Telemann: 12 Fantasias
Format: COMPACT DISC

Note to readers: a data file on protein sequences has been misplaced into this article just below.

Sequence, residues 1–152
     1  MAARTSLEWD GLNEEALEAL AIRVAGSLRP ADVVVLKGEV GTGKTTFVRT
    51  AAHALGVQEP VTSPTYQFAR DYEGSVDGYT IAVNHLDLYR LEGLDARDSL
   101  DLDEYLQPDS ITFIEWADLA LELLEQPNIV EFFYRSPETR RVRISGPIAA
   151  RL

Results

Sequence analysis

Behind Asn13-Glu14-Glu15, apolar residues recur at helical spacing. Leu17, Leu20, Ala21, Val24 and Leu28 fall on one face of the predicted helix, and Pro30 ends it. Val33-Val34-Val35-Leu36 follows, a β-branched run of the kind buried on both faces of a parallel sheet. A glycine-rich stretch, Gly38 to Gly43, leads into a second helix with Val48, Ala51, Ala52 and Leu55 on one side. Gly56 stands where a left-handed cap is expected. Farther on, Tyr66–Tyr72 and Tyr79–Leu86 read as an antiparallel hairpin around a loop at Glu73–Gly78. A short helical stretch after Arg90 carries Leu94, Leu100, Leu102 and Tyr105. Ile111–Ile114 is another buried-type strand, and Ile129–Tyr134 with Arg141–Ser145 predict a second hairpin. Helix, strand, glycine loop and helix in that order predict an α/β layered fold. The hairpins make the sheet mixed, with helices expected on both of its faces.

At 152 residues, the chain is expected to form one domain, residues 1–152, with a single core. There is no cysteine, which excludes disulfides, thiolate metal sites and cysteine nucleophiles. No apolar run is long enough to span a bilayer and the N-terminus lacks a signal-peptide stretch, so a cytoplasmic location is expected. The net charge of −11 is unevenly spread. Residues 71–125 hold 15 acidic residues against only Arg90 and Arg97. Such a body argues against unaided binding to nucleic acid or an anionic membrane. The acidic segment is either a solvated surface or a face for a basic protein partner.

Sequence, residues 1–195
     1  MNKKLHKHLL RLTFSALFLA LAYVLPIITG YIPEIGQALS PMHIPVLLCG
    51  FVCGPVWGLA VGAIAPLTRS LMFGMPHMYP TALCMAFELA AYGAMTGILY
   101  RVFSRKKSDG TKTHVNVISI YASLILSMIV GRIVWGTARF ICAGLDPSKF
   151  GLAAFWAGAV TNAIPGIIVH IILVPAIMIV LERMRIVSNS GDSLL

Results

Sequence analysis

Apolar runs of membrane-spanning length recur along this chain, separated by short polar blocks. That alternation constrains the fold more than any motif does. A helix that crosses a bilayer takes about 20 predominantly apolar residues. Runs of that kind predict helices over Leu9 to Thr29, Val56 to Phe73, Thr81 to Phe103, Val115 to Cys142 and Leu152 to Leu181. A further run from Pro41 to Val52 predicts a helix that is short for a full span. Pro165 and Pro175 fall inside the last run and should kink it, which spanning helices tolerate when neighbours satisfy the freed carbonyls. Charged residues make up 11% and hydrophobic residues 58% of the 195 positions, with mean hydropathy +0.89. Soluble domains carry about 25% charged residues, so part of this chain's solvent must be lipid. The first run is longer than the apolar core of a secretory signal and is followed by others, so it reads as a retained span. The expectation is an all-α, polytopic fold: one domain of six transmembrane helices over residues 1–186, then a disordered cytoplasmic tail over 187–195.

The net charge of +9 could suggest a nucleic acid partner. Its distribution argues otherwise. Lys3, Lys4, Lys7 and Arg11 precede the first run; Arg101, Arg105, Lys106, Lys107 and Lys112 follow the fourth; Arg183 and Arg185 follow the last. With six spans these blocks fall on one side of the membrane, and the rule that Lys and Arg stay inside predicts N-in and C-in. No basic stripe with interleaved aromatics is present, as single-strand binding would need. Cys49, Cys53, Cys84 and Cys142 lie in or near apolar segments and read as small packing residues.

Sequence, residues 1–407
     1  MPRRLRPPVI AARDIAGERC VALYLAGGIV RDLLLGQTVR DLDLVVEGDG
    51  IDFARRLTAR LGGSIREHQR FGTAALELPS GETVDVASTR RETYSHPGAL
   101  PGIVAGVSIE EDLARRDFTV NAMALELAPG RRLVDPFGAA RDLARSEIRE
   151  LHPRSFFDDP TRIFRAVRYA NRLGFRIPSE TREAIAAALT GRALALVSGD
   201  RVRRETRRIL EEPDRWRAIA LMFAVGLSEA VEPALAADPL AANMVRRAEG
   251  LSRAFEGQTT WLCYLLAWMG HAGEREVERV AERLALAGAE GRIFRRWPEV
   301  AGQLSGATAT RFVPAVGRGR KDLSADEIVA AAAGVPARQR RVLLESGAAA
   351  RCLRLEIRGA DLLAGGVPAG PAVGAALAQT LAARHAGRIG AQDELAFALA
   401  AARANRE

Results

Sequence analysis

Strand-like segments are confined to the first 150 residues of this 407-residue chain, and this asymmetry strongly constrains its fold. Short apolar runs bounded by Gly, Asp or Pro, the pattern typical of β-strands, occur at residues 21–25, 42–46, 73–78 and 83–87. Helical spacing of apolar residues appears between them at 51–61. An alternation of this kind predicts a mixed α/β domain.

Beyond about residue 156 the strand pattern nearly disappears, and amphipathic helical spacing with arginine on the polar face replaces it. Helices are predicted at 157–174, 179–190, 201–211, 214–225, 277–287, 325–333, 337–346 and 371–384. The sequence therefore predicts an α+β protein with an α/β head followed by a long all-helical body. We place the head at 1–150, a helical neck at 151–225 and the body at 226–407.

Fantasias are created intuitively - that is why they are expressed, in large measure, in a free manner (ex tempore) and for that reason they are performed, or composed correspondingly to the ideas appearing on the spur of the moment, regardless of the limitations connected with a type of measure [and meter]. That is how Johann Gottfried Walther described the genre of instrumental fantasia (Musikalisches Lexicon, Leipzig 1732). The opinion was not an isolated one. Most music theorists of the 1st half of the 18th century considered fantasias to be a kind of improvised music, or quasi-improvised one, characterized by almost complete freedom both in terms of their formal structure and musical expression. This point of view was also shared by Telemann’s friend, Johann Mattheson, who stated in his opus magnum (Der vollkommene Capellmeister, Hamburg 1739) that (…) pieces of that kind sound best if they are improvised, though they can be written down on paper. [As far as formal structure is concerned] they have so few limitations and so little order that it is hard to define them otherwise than just products of invention [of a performer, or composer]. For that reason they are marked with, first and foremost, (general) fancifulness. On the other hand, however, in the works of numerous composers from the 17th century (not only, though) one can find examples of fantasias which have almost nothing in common with the idea of free improvisation (ex tempore), just to mention a contrapuntal texture of the 17th-century English Fancies written for viola da gamba ensembles in mind. In reality, the name ‘fantasia’ frequently covered various types of a formal structure and musical expression.